I see it when students apply for the degree course – huge orchestral scores for travel agency adverts was something we had a lot of one year. It takes years to learn how to orchestrate, and is a travel agency advert really that inspiring a task for an aspiring young composer? What’s the educational value of that kind of task?

Eclectic mindset

Are there any life experiences, or aspects of your teenage years, that you draw on in your music now, or which have particularly inspired you?
Yes, many. My aunt is a cellist in the BBC Symphony Orchestra, and I often got to see her perform and rehearse, including lots of new music, throughout my teenage years.

I also took a lot of inspiration from jazz musicians around that time, and attended some incredible performances by artists like Chick Corea and Herbie Hancock at the Barbican during my late teens, which left a very strong impression on me.

In the early 2000s, the BBC Proms season was still widely televised, and I vividly recall watching long interview segments with composers as eminent as Mark Anthony Turnage, Oliver Knussen and Helen Grime on BBC4. Steve Martland was a regular guest in the BBC TV box too, and would often comment really thoughtfully about any new works being performed. That made me realise how composition was a viable career path and something I might at least try to aspire to.

Straight out of school I was also very fortunate to do a couple of weeks’ work experience with the then learning manager of the BBC Symphony Orchestra, Lincoln Abbotts, and gain insights into day-to-day activities of the orchestra, the amount of new music it performs and the educational work it does.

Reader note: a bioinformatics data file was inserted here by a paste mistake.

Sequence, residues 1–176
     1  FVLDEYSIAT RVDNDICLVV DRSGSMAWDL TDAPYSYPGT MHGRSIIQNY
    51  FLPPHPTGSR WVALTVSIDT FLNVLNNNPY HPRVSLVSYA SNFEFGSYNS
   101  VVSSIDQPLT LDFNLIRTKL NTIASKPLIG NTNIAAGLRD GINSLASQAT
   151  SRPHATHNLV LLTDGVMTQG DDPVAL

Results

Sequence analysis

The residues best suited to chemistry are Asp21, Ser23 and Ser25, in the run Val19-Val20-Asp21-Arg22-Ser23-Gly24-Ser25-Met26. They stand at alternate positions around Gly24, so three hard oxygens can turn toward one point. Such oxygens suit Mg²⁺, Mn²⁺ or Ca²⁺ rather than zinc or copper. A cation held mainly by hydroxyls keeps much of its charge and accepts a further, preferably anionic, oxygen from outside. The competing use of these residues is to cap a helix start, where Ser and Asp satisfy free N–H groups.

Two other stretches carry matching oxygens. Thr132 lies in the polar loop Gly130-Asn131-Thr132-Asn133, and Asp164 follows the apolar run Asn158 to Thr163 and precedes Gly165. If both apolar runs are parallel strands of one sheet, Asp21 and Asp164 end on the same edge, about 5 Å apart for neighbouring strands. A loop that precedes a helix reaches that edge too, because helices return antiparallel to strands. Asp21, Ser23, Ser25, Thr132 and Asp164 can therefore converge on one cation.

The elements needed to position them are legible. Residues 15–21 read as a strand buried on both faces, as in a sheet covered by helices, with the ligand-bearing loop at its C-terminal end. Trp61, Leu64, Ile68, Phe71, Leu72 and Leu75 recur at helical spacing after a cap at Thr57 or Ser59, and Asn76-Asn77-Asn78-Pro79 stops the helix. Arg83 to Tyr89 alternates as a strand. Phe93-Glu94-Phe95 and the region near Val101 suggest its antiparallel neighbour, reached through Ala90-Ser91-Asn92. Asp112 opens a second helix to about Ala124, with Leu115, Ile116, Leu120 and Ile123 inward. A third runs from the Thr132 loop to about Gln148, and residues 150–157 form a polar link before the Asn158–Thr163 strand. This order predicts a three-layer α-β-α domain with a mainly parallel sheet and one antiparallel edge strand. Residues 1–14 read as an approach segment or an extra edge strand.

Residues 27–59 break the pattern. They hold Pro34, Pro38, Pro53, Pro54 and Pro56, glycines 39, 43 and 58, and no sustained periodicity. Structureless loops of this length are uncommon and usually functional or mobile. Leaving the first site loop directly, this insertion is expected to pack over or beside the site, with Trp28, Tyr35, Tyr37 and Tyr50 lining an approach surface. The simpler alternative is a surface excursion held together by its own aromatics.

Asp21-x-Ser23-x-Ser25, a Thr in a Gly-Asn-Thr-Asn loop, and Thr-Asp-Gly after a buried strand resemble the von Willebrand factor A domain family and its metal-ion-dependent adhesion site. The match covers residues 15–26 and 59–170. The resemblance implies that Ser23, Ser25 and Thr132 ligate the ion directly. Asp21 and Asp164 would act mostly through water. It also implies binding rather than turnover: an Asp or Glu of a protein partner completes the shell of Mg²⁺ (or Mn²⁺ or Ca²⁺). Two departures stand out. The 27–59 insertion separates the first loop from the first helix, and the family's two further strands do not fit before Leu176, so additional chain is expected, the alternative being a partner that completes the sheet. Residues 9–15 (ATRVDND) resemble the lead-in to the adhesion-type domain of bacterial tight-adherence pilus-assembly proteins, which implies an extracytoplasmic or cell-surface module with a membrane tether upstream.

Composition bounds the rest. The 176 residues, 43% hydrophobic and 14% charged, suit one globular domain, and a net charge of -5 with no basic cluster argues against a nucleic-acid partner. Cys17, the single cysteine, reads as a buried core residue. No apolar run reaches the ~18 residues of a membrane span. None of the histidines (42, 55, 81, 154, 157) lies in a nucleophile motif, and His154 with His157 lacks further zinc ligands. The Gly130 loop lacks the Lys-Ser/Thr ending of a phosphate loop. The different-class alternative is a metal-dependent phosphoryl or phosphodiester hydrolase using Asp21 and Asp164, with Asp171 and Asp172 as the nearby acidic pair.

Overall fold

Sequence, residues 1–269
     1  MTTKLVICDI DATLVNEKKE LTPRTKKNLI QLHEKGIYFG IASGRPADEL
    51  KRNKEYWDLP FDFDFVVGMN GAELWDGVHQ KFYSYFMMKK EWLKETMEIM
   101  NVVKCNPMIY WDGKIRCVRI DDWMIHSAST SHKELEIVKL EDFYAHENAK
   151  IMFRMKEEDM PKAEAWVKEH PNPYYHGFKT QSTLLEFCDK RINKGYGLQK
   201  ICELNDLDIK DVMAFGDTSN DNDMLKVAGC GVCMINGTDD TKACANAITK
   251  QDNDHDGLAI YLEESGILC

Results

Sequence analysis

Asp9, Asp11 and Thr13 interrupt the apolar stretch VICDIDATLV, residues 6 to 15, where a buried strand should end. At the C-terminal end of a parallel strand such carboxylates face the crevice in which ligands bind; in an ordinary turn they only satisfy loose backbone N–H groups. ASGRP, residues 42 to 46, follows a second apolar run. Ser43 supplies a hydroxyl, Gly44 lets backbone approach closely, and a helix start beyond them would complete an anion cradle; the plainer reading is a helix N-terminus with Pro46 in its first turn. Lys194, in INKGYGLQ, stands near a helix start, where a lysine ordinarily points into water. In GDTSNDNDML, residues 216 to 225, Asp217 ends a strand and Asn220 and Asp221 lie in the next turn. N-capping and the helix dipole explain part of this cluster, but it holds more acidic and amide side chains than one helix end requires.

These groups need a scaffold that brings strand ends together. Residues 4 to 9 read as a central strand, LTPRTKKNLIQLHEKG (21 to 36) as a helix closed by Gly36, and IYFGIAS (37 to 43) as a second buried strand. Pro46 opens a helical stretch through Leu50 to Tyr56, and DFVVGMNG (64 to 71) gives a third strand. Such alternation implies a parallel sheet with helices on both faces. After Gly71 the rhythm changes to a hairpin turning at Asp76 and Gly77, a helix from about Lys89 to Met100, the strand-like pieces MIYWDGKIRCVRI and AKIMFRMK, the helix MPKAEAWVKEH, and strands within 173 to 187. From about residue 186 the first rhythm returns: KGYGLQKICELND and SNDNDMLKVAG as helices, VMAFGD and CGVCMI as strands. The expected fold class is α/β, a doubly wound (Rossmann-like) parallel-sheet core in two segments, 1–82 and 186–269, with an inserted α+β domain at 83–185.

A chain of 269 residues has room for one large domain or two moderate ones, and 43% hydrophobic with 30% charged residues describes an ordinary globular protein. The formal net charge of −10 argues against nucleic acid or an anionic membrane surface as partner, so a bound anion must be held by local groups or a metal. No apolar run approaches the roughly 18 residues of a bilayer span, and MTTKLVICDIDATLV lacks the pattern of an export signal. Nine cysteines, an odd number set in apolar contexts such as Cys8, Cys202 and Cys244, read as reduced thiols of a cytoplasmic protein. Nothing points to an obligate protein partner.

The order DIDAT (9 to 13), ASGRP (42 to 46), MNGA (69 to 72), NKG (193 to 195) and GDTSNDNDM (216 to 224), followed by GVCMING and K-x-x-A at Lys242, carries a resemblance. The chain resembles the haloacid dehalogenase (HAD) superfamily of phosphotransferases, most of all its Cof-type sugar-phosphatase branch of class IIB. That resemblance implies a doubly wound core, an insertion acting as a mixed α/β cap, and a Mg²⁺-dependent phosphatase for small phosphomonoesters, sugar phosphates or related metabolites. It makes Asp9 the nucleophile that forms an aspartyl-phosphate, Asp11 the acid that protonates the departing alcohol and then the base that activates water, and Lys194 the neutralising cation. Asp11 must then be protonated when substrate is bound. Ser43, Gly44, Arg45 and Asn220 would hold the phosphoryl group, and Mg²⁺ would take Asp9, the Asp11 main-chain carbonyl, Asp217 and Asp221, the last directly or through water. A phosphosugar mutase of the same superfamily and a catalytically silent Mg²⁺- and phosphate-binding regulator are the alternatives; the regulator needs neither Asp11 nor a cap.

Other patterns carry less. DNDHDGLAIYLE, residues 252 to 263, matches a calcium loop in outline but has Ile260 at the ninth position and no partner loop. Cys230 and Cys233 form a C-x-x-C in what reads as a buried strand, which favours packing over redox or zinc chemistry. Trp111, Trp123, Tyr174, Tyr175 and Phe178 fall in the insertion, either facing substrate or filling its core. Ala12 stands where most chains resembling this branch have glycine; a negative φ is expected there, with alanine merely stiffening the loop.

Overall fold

Where would you direct any aspiring school-age composers looking for further support and experience?
There are some fantastic summer courses out there for aspiring young composers, including one run by my colleagues at the Guildhall School, as well as another at the wonderful Sound and Music – the UK’s national organisation for new music.

Lots of new music groups also run special educational workshops across the UK, such as Birmingham Contemporary Music Group and Riot Ensemble. If you can make it to any live performances of new music, there’s nothing quite as exciting as hearing something for the first time.

Who were your own composer role models and inspirations as a teenager?
As a teenager I was fascinated by all sorts of things, ranging from contemporary jazz to Indian classical music, new and older Western classical music, dance music – anything I could get my hands on, really.

Obsessions have always come and gone for me, but I still try to maintain that eclectic mindset – I can never predict where the next exciting discovery is going to come from, and always try to listen with open ears.

If you were to give one piece of advice to student composers, what would it be?
Listen to as much different music as you can! Keep an open mind, and try to challenge yourself to engage with things you might not necessarily understand on first listen – some things take time to appreciate.

When it comes to your own music, have the courage to try things and take risks, but also look closely at others’ music. There’s so much you can learn from looking at scores and trying to work out how a composer creates and manipulates sound and musical material.

Helen Tierney has run music departments in comprehensive schools for over 25 years, was an advanced skills teacher for secondary music in Barnet and now works freelance in music teaching, examining and dementia work; her book, Music Cover Lessons, is available now (Rhinegold Education, £39.99)